Informally, there is a different organization in the office. In this structure, the reverse of the formal structure is true. Eric and I have control of the office. This is evident in the fact that neither of us can take a sick day without several panic-stricken calls from the attorneys. Also, Eric and I make the decisions for the office and plant them with the attorneys so they appear as their own ideas. This is done through the two female attorneys who then go to Del.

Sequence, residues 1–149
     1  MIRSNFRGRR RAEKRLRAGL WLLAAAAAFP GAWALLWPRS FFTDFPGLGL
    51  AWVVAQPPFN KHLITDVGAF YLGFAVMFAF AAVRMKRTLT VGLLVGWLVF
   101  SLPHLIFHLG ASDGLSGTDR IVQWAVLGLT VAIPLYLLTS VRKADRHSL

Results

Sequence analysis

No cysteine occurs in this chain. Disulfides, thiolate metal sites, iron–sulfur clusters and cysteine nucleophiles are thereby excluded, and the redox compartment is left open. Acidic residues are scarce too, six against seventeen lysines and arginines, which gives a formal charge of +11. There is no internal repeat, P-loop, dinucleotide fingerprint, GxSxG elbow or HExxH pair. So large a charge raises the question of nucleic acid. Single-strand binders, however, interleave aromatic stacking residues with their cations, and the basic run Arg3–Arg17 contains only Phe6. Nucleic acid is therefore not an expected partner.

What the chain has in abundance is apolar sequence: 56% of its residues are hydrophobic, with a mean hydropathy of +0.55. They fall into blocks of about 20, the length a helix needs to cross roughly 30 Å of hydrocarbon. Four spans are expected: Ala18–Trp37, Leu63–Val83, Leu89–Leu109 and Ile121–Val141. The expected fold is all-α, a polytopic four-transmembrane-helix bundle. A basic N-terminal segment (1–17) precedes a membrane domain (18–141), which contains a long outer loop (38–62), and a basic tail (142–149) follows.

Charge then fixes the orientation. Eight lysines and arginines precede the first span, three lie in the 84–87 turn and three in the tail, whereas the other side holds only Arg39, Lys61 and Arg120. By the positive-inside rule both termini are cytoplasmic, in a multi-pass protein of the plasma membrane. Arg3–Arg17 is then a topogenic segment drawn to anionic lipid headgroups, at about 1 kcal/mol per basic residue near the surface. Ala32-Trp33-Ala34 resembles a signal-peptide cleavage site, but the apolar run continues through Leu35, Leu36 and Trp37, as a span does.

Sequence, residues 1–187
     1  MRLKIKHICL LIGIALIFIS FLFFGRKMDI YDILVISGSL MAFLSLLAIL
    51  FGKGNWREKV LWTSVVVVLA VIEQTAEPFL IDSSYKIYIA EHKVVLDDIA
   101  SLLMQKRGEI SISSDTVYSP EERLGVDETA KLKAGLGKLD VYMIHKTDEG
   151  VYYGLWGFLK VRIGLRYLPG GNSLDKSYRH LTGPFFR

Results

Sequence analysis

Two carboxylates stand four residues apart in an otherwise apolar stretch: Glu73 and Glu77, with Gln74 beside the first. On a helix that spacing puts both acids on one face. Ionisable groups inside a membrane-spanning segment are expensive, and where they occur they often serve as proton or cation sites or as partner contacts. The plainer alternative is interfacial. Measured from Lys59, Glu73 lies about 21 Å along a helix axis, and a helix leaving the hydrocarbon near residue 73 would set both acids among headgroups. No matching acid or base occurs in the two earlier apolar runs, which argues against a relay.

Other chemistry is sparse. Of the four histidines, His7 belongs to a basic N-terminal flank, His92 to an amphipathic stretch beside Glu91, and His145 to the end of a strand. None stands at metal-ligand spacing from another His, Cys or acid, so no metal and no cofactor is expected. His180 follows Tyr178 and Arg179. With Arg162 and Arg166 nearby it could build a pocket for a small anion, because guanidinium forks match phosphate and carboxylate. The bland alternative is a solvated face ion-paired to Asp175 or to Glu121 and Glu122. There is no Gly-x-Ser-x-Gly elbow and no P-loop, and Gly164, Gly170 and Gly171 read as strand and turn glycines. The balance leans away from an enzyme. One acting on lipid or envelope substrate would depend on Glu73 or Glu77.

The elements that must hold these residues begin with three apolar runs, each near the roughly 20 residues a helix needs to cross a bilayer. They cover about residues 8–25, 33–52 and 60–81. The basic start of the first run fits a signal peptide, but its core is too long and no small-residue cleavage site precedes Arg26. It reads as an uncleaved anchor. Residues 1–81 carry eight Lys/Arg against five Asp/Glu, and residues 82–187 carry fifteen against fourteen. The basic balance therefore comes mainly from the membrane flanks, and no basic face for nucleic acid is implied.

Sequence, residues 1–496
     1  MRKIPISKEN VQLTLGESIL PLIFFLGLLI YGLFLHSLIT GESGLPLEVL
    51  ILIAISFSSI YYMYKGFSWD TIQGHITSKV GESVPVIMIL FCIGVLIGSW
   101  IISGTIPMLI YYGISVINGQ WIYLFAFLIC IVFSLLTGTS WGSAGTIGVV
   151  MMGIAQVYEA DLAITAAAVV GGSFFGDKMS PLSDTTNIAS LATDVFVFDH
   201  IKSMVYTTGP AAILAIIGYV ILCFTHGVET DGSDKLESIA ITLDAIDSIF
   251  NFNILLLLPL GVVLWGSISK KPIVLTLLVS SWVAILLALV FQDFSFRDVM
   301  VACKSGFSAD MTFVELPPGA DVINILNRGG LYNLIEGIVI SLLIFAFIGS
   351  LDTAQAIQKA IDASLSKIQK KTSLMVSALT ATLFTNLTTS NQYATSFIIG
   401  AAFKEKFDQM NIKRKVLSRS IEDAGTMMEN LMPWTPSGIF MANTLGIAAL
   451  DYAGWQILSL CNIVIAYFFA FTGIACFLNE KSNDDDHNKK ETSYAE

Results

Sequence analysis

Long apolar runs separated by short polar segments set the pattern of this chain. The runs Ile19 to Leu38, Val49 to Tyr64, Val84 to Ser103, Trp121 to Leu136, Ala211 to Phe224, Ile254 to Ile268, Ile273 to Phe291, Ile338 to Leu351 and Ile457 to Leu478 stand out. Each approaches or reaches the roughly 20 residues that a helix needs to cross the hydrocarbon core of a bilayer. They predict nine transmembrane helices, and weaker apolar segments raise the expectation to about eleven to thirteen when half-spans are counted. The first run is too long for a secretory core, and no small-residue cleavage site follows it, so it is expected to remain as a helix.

As is the case in most places of work, there is a method for being socialized into the office family. The largest factor for socialization is time. It takes time for everyone to relax and be comfortable enough with a new person to trust them without keeping a close eye on them. For instance, the attorneys rarely check to see if my work is being completed or being completed correctly since I have been with the office for a year. However, Eric has been with the office for only a few weeks. The attorneys often check him on and they go over everything he does with a fine toothed comb. Also, you can only be socialized once you adopt the attitude that belongs in the office. This is a fairly relaxed atmosphere for an office, so if you do not have a sense of humor and take everything said personally, you will not be socialized. The last part of the socialization is complying with the norms. The attorneys are not comfortable with change, and therefore, the norms are very important to them.